A cross all media platforms today you will find information on almost any topic or subject, but sadly, much of the information concerning credit is inaccurate. Here are some common credit myths being thrown about:
Credit Myth 1: “Multiple credit inquiries will hurt your score, each and every time.” In older Fair Credit Reporting Act (FCRA) models, inquiries had a greater effect on your score because they counted every inquiry for automotive and every inquiry for mortgage. So if you were shopping around for the best deal on an auto loan, or shopping around for the best deal on a mortgage, your credit score got dinged for each one. The FCRA models realized that this was discouraging intelligent consumers from getting the best deal, so they adjusted the model to only count automotive and mortgage inquiries that are done within a certain period of time to be counted as one single inquiry.
Credit Myth 2: “It will take you seven years to improve your credit.” This is another widespread myth. In actuality, it’s an ongoing process to improve one’s credit. It doesn’t take a certain amount of time. Most negative items will remain on your credit report for up to seven years, as long as they are accurate, can be verified, the credit bureau and creditor reporting the item can and will provide the appropriate validation of the debt and the debt actually occurred within that period of time being reported. Of course, many items are NOT accurately reported, and are not verifiable, therefore they can and should be removed.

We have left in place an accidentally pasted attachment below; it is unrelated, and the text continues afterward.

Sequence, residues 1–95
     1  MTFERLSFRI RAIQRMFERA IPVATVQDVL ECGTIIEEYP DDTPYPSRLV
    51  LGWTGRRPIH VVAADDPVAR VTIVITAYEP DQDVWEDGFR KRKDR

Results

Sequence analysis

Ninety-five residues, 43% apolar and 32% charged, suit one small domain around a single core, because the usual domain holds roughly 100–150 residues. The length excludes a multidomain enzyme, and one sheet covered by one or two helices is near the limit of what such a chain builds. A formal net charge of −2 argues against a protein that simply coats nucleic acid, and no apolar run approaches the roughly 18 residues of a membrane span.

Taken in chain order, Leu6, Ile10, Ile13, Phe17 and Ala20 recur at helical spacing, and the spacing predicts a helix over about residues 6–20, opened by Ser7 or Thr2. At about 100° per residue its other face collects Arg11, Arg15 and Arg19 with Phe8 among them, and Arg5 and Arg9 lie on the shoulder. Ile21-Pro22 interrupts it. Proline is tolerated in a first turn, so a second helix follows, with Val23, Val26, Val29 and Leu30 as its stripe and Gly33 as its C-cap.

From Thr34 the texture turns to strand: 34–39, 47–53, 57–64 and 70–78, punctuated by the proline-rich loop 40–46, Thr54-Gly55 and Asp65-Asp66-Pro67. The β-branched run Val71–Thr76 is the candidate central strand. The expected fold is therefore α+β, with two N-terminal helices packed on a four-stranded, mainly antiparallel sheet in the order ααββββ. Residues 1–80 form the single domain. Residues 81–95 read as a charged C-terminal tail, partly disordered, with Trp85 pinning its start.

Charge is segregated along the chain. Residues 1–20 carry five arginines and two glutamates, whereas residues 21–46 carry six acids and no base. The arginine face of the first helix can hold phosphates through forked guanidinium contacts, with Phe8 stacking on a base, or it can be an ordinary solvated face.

Regardless of whether or not individual line items can be corrected or deleted, though, you can start to improve your credit by maintaining a positive payment history, maintaining lower balances and low utilization rates on your credit cards, and establishing new accounts to get your new payment history going smoothly again.
Credit Myth 3: “A serious financial crisis like as a foreclosure or bankruptcy permanently hurts your credit score.” Foreclosures will remain on your credit report for seven years, Bankruptcies can linger for seven to ten years: this is entirely dependent upon how the bankruptcy gets filed. A Chapter 13 will remain for seven years, whereas a Chapter 7 will remain for a decade. Note, however, that the actual bankruptcy in the public records section will remain there for ten years either way. But one must remember that the reporting of a Foreclosure or Bankruptcy on a credit report must meet the same criteria that any other item must meet in order to stay on a persons credit report and that is that all reported information pertaining to that foreclosure or bankruptcy be reported accurately and be able to be verified and validated by both the party reporting the item and the party recording the item. Absent of that verification and validation the item must be removed from the credit report regardless of when it originally took place.
The important take-away point is that although these are certainly long periods of time, it’s not permanent, and there are many things you can do after a financial crisis to reestablish your credit and get your credit back on track.
These are just a few of the Credit Myths you find today reported online, on TV and published in Social Media and other news outlets. Don’t be fooled, you can take control of your financial and credit future by handling your current finances responsibly and be demanding your rights under the law that ALL information that is being reported about you be 100% accurate 100% of the time.